The first time I set eyes on Jala Restaurant, it took my breath away. I have never seen a restaurant like it before.
Picture this: tables and chairs all laid out and set with elegant cutlery, complete with sparkling wine glasses and all around it is open… there are no walls (walls are kept to a bare minimum!) that my eyes could discern. Instead, all I could see surrounding the restaurant were the forest, sea, sky and sand! Yes, plenty of sand around… the floor of Jala is entirely covered with fine sand! Dress code – either casual or formal or islandic… and barefoot, of course! Leave your footwear on the rack at the entrance… let your soles and toes caress and curl round the warm sand as you wine and dine in Jala… it’s a toe-tingling experience, for sure.
Keeping closely to The Andaman’s mission to preserve Mother Nature, the design and architecture of Jala revolves around the environment. The environment takes centre-stage here. Walking and dining barefooted gives you a sense of what vernacular-living is all about. The architecture is designed around 3 giant Meranti trees – the tallest trees in the rainforest. On one end of the restaurant is a showpiece table … a giant Meranti tree had fallen at the resort during a storm last year and it has been converted into a beautiful bespoke dining table that can seat up to 20 guests.
Sustainability, recycling, reducing ecological footprints – these are all practised passionately at The Andaman. Jala’s roofing came from the original Belian shingles made from local Iron Wood which had earlier been used at the resort building. There is no tablecloth on the tables in Jala. This is the resort’s way of reducing the amount of linen used which in turn reduces use of water and detergents. Jala also supports the local community by purchasing locally-produced goods by Langkawi craftsmen and getting the freshest seafood from local fishermen.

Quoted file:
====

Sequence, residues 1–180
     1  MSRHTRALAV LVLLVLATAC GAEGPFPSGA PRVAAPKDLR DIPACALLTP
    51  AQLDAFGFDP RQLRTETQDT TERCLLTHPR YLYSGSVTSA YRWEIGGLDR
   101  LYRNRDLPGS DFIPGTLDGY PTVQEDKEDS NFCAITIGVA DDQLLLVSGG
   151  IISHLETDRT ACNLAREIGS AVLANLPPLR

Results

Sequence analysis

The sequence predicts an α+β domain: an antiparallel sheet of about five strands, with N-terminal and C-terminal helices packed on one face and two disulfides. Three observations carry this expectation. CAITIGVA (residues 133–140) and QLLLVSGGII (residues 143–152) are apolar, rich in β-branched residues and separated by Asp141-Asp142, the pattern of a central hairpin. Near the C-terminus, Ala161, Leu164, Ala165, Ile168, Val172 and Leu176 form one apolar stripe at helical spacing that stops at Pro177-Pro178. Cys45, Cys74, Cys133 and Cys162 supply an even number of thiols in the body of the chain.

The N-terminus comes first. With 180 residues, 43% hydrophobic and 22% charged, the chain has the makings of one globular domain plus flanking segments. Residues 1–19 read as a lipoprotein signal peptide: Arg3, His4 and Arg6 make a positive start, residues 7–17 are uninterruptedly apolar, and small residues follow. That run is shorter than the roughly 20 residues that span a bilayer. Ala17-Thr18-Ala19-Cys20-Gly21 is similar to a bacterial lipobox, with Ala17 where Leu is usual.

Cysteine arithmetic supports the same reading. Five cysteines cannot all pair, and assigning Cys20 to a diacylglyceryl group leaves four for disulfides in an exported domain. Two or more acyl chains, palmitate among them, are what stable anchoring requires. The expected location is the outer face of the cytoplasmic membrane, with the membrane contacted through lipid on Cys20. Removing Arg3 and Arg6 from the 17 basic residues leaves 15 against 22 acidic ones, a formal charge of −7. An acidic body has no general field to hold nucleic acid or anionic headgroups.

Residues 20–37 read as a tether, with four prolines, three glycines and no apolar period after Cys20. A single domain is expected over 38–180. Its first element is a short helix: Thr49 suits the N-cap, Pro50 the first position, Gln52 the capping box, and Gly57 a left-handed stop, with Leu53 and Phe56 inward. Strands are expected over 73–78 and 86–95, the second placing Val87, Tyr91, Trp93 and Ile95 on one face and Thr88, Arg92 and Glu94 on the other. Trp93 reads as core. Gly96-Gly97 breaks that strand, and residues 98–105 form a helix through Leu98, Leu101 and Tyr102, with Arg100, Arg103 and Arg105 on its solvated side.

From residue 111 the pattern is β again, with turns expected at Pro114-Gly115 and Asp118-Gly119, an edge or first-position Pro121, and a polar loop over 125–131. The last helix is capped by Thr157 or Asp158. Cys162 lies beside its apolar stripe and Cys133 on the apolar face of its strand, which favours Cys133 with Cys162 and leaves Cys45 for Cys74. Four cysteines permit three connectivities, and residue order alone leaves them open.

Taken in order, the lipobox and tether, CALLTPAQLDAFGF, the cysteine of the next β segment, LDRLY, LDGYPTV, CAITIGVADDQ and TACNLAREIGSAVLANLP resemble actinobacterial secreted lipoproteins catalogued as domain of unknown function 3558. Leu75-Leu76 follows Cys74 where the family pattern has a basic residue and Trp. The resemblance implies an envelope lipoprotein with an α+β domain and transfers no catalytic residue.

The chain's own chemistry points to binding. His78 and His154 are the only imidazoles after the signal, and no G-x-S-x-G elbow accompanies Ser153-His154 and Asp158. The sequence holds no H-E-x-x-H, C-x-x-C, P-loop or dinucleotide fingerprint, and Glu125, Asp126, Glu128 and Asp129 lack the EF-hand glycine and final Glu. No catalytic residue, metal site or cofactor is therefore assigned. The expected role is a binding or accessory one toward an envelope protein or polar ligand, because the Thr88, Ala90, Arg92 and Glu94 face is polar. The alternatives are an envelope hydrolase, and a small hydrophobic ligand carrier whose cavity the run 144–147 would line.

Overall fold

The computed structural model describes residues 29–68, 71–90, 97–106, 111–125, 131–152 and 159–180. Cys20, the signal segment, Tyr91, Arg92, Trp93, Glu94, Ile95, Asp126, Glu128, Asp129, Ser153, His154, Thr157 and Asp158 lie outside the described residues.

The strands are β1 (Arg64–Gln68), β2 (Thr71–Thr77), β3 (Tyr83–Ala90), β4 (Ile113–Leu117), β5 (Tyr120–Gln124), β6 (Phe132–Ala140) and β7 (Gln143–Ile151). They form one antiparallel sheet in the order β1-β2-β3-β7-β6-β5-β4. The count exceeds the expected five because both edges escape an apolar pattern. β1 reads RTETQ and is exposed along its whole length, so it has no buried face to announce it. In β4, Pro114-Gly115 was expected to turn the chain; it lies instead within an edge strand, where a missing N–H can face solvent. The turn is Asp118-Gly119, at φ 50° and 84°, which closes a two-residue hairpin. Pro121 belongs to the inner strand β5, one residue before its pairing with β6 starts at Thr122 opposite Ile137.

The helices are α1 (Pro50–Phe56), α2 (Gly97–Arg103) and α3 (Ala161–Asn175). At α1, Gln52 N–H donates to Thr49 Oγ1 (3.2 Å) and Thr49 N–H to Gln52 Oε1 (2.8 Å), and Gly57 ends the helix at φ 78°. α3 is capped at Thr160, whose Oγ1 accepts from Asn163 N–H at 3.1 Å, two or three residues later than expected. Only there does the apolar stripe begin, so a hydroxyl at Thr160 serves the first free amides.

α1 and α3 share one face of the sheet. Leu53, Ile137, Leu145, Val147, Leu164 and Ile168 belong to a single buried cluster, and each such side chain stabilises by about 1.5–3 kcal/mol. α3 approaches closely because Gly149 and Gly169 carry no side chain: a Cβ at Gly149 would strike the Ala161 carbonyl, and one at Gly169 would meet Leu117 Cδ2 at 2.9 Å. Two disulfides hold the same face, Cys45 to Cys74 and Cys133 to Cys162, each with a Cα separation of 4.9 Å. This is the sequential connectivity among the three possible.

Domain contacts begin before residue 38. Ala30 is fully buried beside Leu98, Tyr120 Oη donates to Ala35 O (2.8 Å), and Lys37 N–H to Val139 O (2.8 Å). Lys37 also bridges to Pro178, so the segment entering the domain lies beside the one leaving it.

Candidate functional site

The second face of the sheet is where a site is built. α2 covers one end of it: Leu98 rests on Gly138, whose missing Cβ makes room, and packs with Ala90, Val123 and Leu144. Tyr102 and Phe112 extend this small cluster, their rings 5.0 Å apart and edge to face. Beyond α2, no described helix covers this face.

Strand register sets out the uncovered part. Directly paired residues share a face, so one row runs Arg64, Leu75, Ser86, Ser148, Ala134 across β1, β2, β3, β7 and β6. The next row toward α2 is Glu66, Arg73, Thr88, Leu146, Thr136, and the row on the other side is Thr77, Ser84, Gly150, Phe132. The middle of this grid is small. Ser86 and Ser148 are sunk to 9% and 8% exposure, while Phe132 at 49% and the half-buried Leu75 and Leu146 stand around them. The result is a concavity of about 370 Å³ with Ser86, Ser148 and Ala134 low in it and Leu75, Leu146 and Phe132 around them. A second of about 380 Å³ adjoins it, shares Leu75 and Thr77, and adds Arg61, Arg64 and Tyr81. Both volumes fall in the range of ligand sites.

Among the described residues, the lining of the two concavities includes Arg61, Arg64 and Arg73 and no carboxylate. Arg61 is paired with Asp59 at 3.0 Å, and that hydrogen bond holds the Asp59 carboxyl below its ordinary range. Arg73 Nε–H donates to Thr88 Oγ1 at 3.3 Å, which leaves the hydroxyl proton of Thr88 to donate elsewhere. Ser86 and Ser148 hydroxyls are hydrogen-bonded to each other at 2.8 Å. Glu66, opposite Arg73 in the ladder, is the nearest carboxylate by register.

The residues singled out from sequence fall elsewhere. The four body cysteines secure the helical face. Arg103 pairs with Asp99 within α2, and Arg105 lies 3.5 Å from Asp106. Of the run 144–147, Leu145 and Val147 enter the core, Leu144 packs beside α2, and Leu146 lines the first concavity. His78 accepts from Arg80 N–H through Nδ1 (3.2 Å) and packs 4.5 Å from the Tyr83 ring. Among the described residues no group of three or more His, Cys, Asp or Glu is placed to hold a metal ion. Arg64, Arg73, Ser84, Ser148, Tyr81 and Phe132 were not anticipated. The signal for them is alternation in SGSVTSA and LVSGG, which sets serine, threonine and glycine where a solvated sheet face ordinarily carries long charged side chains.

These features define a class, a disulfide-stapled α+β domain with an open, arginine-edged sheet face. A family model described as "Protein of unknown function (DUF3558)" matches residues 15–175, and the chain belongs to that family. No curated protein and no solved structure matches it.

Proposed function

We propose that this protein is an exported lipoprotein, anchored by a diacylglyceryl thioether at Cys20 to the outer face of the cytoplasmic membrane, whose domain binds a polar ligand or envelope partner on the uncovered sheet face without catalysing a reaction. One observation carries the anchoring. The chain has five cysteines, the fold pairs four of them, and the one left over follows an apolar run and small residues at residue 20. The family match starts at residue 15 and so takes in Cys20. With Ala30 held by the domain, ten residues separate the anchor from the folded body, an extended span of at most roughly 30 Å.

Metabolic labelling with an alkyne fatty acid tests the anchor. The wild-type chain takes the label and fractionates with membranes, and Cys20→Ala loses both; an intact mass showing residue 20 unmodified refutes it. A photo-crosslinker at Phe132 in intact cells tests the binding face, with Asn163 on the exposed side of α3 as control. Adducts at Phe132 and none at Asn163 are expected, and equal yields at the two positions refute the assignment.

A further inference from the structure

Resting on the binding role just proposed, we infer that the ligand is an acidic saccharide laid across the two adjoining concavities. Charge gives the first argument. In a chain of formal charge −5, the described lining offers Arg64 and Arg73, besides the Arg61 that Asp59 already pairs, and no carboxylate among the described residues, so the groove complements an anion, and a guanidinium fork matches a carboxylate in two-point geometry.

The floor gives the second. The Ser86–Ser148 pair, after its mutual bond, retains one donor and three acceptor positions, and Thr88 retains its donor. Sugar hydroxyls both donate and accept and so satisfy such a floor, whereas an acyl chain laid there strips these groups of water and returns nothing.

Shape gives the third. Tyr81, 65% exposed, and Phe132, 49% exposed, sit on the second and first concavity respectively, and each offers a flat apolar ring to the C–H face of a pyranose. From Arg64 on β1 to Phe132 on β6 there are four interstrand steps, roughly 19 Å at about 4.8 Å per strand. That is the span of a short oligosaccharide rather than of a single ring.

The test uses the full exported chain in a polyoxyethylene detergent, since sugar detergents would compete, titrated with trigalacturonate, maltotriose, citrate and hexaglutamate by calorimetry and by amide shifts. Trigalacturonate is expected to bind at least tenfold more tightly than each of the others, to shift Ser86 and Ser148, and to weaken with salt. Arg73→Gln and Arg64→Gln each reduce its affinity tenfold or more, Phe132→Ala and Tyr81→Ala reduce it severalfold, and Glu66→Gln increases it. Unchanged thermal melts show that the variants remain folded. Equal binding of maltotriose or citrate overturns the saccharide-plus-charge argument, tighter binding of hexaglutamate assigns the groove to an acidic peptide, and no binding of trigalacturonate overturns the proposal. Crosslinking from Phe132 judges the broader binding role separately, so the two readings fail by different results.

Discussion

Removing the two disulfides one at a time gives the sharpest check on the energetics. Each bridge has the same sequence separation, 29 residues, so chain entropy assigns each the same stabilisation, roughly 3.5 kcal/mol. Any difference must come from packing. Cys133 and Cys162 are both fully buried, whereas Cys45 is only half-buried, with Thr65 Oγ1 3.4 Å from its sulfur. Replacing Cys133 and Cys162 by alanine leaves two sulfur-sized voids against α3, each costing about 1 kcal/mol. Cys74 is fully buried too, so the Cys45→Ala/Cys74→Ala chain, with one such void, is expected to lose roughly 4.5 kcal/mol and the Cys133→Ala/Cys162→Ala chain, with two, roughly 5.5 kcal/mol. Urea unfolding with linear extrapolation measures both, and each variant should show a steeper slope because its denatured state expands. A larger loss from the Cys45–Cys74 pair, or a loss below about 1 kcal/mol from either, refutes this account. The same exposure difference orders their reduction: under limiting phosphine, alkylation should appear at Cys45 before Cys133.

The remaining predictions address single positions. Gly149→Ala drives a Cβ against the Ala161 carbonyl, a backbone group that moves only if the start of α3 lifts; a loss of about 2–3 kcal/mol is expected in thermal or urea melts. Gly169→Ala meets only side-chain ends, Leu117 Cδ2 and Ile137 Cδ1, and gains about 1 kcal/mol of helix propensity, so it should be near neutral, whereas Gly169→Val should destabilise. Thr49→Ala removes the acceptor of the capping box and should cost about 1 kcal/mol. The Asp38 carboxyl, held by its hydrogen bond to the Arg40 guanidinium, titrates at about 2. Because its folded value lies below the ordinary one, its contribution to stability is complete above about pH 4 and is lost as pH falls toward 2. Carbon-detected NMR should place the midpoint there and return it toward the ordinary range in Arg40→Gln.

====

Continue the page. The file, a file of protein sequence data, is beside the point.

Here comes the fishing boat!
Earlier in the afternoon, together with a bunch of other hotel guests, I had a chance to experience how Jala’s Chef De Cuisine, Rene Knudsen selected a wide array of seafood from the fisherman’s boat. Boxes and bags of fresh garoupas (at least 3 varieties of these), pomfrets, seabass, prawns, lobsters, crabs, clams and mantis prawns were hauled in from the boat, weighted and later displayed in Jala. Some of these were still wriggling – yes, it’s that fresh!
Chef Rene Knudsen with his lobsters